I can only imagine what Brian Billick was thinking as his team made their way out to the field, trailing by 30 after just 30 minutes. Interestingly, at least one person does know exactly how he was feeling as we watched NBC’s Andrea Kramer approach Billick as he left the locker room. Seemingly at a loss for what we all just witnessed, she asked the coach, “Hey, so how’s it going?” It was almost as if the two had ran into each other at the mall during the holiday shopping crunch – they didn’t have long to chat, but Andrea thought it would be polite to make a little small talk before continuing on to The Gap for new gloves. (Coffeeonthe50 Holiday Shopping Tip: One style of glove you won’t find at The Gap – game-worn – as in the nearly half a dozen game-worn gloves given out by Ravens players, including Wilcox, Derrick Mason and Ben Grubbs, both before and after the game. Talk about holiday spirit! Legal disclaimer: Not sold in stores.)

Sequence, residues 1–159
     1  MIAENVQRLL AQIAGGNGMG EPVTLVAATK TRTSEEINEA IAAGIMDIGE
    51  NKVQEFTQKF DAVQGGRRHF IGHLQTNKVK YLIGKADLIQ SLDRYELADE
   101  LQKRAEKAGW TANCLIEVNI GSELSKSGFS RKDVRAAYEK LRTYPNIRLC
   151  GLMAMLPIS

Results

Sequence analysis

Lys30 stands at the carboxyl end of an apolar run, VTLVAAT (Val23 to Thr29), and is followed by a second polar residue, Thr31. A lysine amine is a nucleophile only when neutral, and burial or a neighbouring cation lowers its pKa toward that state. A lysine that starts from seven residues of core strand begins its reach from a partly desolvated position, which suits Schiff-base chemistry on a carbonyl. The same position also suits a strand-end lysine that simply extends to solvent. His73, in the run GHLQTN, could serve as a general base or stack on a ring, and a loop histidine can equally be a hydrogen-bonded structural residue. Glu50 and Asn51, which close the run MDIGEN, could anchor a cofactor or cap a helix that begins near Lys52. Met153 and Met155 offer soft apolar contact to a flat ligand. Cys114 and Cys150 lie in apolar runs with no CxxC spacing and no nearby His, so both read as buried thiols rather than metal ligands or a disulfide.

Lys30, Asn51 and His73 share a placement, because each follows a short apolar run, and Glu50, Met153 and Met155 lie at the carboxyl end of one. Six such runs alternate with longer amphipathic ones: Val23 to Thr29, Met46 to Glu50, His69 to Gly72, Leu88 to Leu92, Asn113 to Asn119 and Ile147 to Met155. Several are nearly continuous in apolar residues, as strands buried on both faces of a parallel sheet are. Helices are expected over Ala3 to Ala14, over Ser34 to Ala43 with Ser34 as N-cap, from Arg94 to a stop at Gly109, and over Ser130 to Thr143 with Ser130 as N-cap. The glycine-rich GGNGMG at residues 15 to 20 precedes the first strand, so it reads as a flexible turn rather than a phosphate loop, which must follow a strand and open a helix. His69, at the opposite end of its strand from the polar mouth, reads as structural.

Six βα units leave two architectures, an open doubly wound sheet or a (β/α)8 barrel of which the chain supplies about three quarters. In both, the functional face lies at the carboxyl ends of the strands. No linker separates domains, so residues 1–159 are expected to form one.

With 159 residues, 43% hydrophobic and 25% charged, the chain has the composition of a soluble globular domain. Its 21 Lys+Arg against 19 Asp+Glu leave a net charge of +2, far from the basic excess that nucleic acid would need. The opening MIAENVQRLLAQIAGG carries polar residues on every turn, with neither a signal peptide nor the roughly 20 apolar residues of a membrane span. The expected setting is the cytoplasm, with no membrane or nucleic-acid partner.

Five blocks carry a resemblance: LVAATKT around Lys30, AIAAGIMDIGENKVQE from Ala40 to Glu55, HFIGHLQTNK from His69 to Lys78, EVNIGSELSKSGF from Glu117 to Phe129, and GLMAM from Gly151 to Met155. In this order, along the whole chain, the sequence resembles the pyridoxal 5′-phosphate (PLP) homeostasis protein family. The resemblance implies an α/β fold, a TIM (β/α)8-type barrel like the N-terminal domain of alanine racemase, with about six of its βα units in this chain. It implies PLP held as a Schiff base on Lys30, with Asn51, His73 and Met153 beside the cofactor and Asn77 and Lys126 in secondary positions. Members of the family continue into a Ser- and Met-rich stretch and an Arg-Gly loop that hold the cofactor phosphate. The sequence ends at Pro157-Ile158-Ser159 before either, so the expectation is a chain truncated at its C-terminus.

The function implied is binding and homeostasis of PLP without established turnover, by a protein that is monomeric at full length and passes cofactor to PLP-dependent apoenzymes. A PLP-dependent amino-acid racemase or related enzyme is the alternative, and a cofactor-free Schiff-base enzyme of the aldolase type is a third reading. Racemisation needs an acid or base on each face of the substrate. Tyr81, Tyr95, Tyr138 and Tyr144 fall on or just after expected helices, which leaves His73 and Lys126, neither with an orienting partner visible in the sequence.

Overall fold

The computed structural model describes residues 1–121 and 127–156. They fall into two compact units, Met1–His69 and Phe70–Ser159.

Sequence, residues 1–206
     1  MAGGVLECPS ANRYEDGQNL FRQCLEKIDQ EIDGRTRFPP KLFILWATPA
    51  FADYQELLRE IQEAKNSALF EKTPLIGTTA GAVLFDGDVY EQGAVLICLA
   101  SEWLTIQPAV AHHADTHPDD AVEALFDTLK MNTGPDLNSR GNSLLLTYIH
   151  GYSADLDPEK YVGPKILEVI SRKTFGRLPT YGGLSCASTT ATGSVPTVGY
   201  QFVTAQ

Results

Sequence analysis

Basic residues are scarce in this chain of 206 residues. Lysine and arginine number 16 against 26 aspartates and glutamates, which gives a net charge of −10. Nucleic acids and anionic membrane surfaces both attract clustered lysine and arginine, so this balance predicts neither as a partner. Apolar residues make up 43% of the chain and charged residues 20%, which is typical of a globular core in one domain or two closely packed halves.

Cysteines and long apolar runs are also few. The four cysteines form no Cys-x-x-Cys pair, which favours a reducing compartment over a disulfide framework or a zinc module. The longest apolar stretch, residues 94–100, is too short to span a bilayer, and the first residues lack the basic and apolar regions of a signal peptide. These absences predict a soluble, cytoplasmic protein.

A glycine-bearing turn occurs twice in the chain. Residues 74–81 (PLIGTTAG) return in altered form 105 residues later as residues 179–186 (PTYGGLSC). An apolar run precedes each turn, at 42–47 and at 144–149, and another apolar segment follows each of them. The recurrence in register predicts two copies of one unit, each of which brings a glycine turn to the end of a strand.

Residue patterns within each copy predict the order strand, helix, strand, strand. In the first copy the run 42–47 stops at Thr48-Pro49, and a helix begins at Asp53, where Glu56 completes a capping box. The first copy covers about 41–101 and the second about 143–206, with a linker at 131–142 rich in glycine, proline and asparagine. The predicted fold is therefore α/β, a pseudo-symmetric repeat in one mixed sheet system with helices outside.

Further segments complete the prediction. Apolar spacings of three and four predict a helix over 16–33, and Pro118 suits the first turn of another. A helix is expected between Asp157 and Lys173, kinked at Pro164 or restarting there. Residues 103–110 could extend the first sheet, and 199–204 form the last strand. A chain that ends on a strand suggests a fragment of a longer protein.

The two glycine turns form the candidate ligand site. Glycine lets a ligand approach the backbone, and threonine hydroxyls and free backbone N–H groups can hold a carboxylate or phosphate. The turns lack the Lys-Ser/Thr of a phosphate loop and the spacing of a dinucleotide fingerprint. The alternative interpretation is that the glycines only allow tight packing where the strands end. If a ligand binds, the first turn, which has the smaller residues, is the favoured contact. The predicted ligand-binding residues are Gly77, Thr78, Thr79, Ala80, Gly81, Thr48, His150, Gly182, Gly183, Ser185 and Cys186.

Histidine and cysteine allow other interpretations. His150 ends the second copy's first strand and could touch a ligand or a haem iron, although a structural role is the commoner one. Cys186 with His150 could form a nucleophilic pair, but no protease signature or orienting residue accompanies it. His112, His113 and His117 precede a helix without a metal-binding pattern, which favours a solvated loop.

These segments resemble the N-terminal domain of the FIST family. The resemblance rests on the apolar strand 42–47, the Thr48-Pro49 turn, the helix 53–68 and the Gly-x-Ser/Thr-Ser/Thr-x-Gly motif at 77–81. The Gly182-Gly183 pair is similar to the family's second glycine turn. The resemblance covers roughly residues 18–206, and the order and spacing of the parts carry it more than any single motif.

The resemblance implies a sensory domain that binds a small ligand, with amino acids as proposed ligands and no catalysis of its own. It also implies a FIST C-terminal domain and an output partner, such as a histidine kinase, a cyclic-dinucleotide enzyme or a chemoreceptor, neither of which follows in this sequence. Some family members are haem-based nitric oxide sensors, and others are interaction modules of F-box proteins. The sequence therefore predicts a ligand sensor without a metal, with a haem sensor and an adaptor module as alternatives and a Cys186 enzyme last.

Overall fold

Of course, Kramer and Billick didn’t have to worry about mall traffic, nor the stadium traffic as it would turn out, as they headed back out into the cold to watch Indy run up the score for a few minutes before handing their keys over to Manning’s back-up, Jim Sorgi. With Troy Smith at the helm for Baltimore, the game had turned into a battle of the back-ups in the final minutes. And although the war was lost, our Heisman hero won the battle, perhaps a sign of hope on the horizon.